Reconciliation begins with oneself and calls for deep introspection, the foundational stone of Ubuntu which is replicated wisely in mediation process i.e., seeing self through the eyes of the other. A principle clearly understood by the Indigenous People, the Native Americans have always affirmed that in order to understand what the other is going through you have to wear their moccasins. The notion of knowing through becoming is an ancient concept and a natural way that unlocks the gateway of discernment in order to decipher the hidden or unspoken. This mode of direct knowing is achieved through merging or becoming one with object of intentionality. Augustine Shuttle shares the same sentiments that “I only become fully human to the extend that I am included in relationship with others.” [2]

This is a view shared by Archbishop Desmond Tutu that “A person is a person through other people”.[3] Thus, highlighting the indisputable fact that though we exist as individuals, we are interconnected and dependant on each other. There exists an invisible cohesive bond that binds us all. A unifying factor that is capable of breaking through all barriers.

The Great Father of the Rainbow Nation, Nelson Rolihlahla Mandela a visionary elder ahead of his contemporaries realized that diversity should not be a source of conflict and separation, it should amplify the multifaceted beauty and infinite creativity just like the Rainbow. The colour in a rainbow is a vibrational effect involving light and matter, and its full spectrum of colour forever reminds us of our own many and varied facets. It is known that the rainbow’s colors only appear when white light is refracted into its separate wavelength. This serves as reminder that we are all work in progress, as we strive for wholeness and clarity in our fragmented vibrational field. A principle ingrained in Ubuntu that as humanity we have all emerged from the primal Tree of Life that birthed all in existence. The Honourable Father affectionately seeded these wise words to the Rainbow Nation in an effort to facilitate healing and promote reconciliation:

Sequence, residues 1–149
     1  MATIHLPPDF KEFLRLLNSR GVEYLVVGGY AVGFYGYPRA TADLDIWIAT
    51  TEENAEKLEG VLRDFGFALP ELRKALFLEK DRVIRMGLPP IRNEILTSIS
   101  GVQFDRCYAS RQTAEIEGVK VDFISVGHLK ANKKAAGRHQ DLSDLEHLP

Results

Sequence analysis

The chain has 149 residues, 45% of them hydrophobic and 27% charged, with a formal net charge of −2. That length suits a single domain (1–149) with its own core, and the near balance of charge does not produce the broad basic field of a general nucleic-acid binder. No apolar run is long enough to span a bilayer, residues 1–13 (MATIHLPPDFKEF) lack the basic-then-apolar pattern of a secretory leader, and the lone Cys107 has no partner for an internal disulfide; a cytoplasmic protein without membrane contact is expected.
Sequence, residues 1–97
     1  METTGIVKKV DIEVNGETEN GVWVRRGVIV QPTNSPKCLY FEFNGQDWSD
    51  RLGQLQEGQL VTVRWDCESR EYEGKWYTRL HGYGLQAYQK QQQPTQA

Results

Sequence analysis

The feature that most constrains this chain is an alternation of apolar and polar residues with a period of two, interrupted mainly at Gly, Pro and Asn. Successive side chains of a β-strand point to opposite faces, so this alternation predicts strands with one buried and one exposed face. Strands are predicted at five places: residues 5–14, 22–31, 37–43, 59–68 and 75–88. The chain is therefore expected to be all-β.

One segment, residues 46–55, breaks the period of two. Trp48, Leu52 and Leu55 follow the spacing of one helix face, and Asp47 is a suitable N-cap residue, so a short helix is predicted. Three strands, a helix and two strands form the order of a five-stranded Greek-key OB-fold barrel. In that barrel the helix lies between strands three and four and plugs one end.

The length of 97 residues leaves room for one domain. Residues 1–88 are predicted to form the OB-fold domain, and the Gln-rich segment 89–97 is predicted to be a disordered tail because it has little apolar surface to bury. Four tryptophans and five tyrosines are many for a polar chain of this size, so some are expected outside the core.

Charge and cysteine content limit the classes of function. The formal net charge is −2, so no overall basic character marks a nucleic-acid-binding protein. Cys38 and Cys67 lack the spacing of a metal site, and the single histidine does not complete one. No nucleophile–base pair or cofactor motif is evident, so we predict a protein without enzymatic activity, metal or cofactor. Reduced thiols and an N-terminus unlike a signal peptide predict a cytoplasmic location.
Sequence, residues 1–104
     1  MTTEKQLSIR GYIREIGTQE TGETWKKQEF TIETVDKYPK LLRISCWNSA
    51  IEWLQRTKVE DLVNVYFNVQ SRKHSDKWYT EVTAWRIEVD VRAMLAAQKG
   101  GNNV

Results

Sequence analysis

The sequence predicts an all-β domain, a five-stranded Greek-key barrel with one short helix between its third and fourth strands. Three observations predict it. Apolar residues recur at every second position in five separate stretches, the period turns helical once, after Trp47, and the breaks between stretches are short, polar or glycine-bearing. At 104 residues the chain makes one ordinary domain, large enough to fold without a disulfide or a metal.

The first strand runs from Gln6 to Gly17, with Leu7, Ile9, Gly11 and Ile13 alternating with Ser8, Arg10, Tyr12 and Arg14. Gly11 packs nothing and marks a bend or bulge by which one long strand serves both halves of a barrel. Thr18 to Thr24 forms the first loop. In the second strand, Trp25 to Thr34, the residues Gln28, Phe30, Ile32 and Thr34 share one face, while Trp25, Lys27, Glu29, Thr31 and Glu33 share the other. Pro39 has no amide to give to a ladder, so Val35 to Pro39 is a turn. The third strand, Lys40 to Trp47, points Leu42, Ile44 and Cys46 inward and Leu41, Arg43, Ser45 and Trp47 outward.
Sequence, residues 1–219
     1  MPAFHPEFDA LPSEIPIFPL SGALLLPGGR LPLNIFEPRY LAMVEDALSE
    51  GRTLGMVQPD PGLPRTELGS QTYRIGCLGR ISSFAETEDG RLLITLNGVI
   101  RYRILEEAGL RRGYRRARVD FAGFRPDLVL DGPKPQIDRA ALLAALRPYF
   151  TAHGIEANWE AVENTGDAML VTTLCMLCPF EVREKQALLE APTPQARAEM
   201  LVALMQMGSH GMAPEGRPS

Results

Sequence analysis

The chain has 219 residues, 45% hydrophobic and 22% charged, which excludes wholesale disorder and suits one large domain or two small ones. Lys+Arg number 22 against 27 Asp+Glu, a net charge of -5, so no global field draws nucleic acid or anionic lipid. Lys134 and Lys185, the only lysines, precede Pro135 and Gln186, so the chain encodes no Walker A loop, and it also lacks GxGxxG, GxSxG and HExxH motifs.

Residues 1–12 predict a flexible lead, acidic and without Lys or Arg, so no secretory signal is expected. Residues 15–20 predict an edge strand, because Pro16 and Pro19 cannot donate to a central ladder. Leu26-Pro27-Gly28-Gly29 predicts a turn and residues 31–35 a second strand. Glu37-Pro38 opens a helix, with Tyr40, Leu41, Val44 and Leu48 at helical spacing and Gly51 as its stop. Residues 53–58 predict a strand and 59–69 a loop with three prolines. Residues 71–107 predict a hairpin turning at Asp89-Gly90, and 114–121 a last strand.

“Ubuntu…asserts that the common ground of our humanity is greater and more enduring than the differences that divides us. It is so, and must be so, because we share the same fateful human condition. We are creature of blood and bone, idealism and suffering. Though we differ across cultures and faiths, and though history has divided rich from poor, free from unfree, powerful from powerless and race from race, we are still all branches on the same tree of humanity”.[4]

The Awaken Mediator

The intense Mediation Course under Mediation in Motion in collaboration with University of Cape Town has greatly contributed igniting the burning flame of the spirit of Ubuntu at the core of my being. It served as a reminder not to stray away from that which defines me as human though perceived as an individual and yet integral part of the Whole. In this spaceship called Earth, we are here on a divine mission to birth change through meaningful self-exploration and interaction with all that around us.  Therefore, being mindful is a prerequisite as the architect of the reality we want to manifest in the world of form through collaborative efforts with others.